Yemen-based rebels who have been fighting a Saudi led coalition, creating the world’s worst humanitarian crisis, said they were responsible for the aerial assault early on Saturday, but the United States said there was no evidence to back that up, and accused Iran of an “unprecedented attack on the world’s energy supply”.
Iran firmly denied any responsibility on Sunday, and reportedly increased tensions around the region by pointing out that US facilities were within range of Iranian missiles.
Saudi oilfields have been the target of attacks by Houthi forces during the past year, which control much of the territory close to the Kingdom’s southern border with Yemen, but the attack was unprecedented, with Aramco reportedly saying the impact would be to cut output by around 5.7 barrels per day; more than 5 per cent of the world’s supply of crude oil.
In a statement issued by the Spokesperson for António Guterres, he said that “the Secretary-General condemns Saturday’s attacks on Aramco oil facilities in the Eastern Province in the Kingdom of Saudi Arabia claimed by the Houthis”, and “calls upon all parties to exercise maximum restraint, prevent any escalation amid heightened tensions, and to comply at all times with International Humanitarian Law.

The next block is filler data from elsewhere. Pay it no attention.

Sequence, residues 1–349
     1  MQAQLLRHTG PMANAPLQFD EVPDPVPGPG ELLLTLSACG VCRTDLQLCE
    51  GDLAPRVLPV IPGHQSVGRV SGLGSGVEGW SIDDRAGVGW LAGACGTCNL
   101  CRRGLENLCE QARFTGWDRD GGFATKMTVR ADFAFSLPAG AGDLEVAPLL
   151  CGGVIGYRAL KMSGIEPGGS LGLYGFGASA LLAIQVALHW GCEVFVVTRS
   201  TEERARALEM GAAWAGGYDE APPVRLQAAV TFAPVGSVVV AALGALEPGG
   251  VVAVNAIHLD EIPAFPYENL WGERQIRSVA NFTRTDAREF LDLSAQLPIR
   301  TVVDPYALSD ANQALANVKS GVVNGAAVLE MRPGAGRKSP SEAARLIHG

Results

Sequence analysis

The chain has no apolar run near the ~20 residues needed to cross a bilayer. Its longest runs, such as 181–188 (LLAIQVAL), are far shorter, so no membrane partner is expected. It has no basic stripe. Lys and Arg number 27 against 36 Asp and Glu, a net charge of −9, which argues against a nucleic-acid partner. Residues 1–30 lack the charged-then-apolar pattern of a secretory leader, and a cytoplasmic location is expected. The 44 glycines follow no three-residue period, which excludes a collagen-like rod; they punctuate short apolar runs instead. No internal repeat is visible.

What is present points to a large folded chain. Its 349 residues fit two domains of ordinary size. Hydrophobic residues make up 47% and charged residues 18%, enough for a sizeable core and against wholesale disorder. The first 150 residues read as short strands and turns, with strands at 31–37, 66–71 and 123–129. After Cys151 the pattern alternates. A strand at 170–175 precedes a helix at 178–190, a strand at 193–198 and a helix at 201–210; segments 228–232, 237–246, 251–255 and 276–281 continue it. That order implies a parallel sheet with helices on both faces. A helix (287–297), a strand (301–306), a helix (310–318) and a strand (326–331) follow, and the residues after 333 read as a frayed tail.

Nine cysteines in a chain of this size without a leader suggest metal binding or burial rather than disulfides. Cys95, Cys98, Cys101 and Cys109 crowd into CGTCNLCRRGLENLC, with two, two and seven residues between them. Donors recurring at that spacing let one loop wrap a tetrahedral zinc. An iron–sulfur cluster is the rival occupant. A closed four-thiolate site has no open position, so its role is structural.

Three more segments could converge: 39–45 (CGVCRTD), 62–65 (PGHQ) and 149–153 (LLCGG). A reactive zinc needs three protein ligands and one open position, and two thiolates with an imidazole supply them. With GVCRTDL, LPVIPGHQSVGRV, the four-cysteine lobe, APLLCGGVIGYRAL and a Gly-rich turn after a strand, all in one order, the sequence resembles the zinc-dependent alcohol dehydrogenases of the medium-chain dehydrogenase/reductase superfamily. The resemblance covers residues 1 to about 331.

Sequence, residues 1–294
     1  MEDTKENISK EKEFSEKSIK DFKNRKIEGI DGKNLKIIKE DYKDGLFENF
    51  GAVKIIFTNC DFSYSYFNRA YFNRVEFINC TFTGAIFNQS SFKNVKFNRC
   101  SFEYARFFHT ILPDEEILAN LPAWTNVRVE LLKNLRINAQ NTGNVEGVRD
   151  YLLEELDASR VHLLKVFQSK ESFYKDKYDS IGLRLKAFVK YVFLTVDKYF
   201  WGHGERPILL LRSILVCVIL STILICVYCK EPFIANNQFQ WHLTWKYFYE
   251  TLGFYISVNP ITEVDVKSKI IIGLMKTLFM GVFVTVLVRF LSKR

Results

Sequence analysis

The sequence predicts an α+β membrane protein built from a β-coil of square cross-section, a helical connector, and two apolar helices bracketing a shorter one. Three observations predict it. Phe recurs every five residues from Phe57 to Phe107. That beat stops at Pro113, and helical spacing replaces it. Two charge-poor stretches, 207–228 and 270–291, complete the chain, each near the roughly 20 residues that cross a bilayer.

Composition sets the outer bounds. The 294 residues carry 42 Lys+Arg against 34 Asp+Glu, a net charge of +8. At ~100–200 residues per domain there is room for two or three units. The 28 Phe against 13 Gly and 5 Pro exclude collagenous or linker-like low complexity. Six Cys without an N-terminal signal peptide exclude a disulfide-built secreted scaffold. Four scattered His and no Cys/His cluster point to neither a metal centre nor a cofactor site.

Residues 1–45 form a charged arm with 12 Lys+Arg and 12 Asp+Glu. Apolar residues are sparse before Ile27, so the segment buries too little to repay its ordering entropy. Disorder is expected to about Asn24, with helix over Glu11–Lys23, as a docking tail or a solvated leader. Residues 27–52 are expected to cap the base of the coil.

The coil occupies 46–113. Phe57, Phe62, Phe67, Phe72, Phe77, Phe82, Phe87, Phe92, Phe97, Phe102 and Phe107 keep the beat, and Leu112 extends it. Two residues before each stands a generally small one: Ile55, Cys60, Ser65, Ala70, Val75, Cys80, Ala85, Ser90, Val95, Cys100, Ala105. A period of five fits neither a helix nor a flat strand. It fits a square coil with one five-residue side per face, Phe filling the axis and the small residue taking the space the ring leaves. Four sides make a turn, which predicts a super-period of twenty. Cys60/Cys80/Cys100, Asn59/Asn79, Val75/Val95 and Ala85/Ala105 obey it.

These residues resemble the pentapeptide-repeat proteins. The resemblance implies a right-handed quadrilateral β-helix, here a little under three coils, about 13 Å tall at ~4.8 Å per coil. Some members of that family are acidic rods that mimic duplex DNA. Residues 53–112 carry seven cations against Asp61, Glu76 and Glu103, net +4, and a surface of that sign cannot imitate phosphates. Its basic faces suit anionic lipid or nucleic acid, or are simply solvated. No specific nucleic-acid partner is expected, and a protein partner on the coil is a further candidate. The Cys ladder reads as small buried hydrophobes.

On Saturday, UN Special Envoy for Yemen, Martin Griffiths, described the military escalation as “extremely worrying”, and urged “all parties to prevent such further incidents, which pose a serious threat to regional security, complication the already fragile situation, and jeopardize the UN-led political process.”
Tensions rose in June between Iran, the US, Saudi Arabia and nations involved in the global oil trade, over the key oil shipping lanes around the Strait of Hormuz and the Gulf of Oman, involving tankers damaged at sea, leading to the downing of both Iranian and US drones, while other tankers were seized.